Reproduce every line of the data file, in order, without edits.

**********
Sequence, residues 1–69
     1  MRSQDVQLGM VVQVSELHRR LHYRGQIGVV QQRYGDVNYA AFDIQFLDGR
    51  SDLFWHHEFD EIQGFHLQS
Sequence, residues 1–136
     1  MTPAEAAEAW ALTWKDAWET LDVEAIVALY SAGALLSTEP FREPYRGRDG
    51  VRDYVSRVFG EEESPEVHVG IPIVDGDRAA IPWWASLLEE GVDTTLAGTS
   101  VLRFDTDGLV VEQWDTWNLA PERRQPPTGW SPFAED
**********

Sequence, residues 1–69
     1  MRSQDVQLGM VVQVSELHRR LHYRGQIGVV QQRYGDVNYA AFDIQFLDGR
    51  SDLFWHHEFD EIQGFHLQS
Sequence, residues 1–136
     1  MTPAEAAEAW ALTWKDAWET LDVEAIVALY SAGALLSTEP FREPYRGRDG
    51  VRDYVSRVFG EEESPEVHVG IPIVDGDRAA IPWWASLLEE GVDTTLAGTS
   101  VLRFDTDGLV VEQWDTWNLA PERRQPPTGW SPFAED